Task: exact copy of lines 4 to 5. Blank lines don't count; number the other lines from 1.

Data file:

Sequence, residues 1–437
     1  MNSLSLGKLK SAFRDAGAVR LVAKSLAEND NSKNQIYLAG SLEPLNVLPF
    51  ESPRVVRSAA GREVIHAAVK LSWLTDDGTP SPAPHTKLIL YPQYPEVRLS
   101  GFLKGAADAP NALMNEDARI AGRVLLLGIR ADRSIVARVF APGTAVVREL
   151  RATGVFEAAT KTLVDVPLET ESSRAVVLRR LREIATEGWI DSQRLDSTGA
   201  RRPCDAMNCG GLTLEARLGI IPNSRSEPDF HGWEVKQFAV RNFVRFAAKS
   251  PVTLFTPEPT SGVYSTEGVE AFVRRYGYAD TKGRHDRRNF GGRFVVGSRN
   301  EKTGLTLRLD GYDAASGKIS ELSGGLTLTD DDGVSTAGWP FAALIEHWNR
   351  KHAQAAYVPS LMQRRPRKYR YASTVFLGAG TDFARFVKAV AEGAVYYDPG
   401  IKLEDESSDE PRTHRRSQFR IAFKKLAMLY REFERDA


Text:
   101  GFLKGAADAP NALMNEDARI AGRVLLLGIR ADRSIVARVF APGTAVVREL
   151  RATGVFEAAT KTLVDVPLET ESSRAVVLRR LREIATEGWI DSQRLDSTGA